Floods and friendships

Cal in Color

Photo of Marina Román Cantú

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Being white-passing, “but you don’t look Mexican” has probably been one of the most common phrases I’ve heard since arriving at UC Berkeley. I had never heard that phrase before, perhaps because this is the first time I’m living outside of Mexico for an extended period of time.

No one has ever questioned whether I’m Mexican in Mexico, which is ironic when I’m asked about my Mexicanidad here, as if there’s some assessment of how “Mexican” I am based on what I look like. I never know how I’m supposed to respond — should I just laugh? My usual response goes something along the lines of, “Well, we come in all shapes and sizes,” then resuming the conversation, trying to disguise my discomfort.

The first person I met at UC Berkeley started a conversation with me during a campus tour. We were the only ones who didn’t come in a group, so it made sense for us to break the ice. Out of what seemed like a 2004 “Mean Girls” scene, he asked me, “But if you’re Mexican, why are you white?” He then proceeded with this follow-up question: “I get that you’re Mexican now, but why is your English so fluid?”

Since arriving in the United States, I’ve stumbled upon the concept of racial identity. In Mexico, we don’t talk about race. Even though there are Afro-Mexican women activists who speak up about race and racism in Mexico, the widespread conversation regarding race is still nonexistent.

That doesn’t mean we don’t have racial disparities; we simply don’t acknowledge them. Here, I’m a white-passing Latina, and I know there’s a privilege in that.

Being Latinx is tricky. It complicates one’s notion of identity because that single word, “Latinx,” defines (confusingly enough) both your ethnicity and your race. There’s an implicit but collective notion of being Latinx. You know whether you’re Mexican, Chilean or Venezuelan that if you ever come across another Latinx, they are tu gente, or “your people.”

However, how does this six-letter word Latinx encompass us all? Are there any inherent differences that should be acknowledged? And if we try to acknowledge our differences, to what extent are we fracturing our collective identity?

I still don’t have answers to these questions, but I do know that attempting to combine the intersections of ethnicities within Latinx culture is impossible.

We are not a one-size-fits-all kind of people, and it seems silly to even have to state that explicitly in writing.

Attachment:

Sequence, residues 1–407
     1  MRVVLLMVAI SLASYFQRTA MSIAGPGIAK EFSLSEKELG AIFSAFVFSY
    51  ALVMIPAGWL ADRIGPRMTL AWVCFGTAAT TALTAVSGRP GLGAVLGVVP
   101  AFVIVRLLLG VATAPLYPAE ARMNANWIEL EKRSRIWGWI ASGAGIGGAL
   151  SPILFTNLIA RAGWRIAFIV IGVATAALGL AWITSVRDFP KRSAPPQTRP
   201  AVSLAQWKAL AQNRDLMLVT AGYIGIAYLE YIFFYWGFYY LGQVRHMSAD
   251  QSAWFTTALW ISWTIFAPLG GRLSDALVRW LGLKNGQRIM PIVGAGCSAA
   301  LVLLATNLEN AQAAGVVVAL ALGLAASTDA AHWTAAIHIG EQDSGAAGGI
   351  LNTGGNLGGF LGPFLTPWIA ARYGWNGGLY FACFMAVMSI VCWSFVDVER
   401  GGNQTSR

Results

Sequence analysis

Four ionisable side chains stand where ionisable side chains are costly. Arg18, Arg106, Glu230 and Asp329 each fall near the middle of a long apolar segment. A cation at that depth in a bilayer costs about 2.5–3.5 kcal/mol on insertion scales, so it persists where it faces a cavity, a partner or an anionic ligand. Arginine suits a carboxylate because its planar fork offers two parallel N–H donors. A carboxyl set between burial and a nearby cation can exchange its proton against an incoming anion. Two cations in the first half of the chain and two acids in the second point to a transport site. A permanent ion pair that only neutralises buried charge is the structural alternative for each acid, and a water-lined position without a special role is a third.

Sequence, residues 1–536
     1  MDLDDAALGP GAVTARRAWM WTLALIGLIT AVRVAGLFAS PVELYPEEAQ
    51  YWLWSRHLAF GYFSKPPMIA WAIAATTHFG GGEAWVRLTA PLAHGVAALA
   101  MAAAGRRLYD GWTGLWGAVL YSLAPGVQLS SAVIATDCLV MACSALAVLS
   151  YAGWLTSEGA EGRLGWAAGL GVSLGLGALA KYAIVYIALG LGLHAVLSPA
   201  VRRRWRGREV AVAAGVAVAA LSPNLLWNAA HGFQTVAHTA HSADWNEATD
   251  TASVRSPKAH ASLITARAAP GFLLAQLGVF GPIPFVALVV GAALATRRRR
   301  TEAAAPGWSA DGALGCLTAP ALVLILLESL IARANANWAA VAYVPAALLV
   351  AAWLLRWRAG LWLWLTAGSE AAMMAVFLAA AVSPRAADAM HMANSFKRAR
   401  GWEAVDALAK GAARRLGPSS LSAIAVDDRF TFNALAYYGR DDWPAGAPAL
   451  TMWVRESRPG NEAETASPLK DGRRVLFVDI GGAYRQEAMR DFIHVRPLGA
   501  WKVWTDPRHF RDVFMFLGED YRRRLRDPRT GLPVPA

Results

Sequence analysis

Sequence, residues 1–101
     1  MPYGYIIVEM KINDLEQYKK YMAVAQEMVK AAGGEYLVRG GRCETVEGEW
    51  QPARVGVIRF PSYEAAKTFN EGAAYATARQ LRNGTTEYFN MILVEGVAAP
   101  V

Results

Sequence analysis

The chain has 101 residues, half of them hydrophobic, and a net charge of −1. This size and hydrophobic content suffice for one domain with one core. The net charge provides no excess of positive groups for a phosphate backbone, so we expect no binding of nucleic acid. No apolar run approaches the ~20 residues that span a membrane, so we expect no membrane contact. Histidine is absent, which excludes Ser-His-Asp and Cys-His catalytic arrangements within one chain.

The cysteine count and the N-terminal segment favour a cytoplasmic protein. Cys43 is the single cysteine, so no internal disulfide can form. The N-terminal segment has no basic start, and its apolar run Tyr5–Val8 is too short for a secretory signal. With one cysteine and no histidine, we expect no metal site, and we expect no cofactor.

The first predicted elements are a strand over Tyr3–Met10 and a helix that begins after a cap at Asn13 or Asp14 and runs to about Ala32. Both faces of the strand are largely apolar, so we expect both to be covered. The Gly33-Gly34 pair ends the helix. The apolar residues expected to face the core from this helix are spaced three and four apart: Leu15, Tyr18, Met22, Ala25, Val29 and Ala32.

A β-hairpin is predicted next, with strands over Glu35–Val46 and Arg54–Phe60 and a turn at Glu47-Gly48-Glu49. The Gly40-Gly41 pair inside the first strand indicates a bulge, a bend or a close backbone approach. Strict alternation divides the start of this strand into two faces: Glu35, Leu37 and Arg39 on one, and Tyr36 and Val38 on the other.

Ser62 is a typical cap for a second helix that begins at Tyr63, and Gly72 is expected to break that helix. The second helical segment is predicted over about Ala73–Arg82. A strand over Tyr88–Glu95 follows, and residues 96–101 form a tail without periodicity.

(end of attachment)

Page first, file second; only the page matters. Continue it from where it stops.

Not all of my experiences here have been as insightful as my own racial identity diagnosis. As I’m writing this in my ceilingless kitchen, I realize that my first weeks here have been messy, to say the least. One would assume the hardest adjustment process as an exchange student arriving at UC Berkeley would be the academic one. Instead, living in this dorm has been the biggest adjustment of them all.

About a month ago, someone left the washing machine’s door open while they were doing their laundry. Our laundry room is on the fourth floor, so as water leaked throughout the night, all of the dorms below were flooded. The next day, a good portion of the kitchen’s walls and ceilings were torn out, and three industrial fans were installed and needed to be on at all times for a whole week.

As it turns out, the same guy who couldn’t fathom my English-speaking abilities lives in my building — and couldn’t comprehend the laundry machine’s instructions.

It has not all been as messy (and laughably ironic) as this. In fact, most of my time here has been pretty good so far.

In the last four weeks, I’ve grown closer to people I’ve just met than people I’ve known for years. I’m not sure if that’s because of the distance away from our hometowns, the foreignness of it all or the fact that we have spent most of our time together. Last week, in an attempt to find a good sushi restaurant in San Francisco, we ended up wandering along Mission Street, San Francisco’s predominantly Mexican neighborhood, late at night. From people singing and dancing to Selena Quintanilla’s songs in the street to the murals and papercut Mexican banners, I felt a sense of home.

Right there, it made sense to me. My race — being Latinx — is both an essence and an illusion.

It is an illusion in the way that we use race as a culturally constructed mechanism to make sense of our lives and our experiences; to find our place in how history has changed its future course. However, for me, race is also an essence.

It is the overwhelming feeling and connection I felt toward those strangers on Mission Street, with whom I probably have just a few things in common. Race as an essence is the sense of familiarity I feel with my newfound Mexican friends here, that even without knowing each other just a month ago, our shared identities make me feel right at home.

Marina Román Cantú writes the Friday column on being a person of color at UC Berkeley. Contact the opinion desk at [email protected], or follow us on Twitter @dailycalopinion.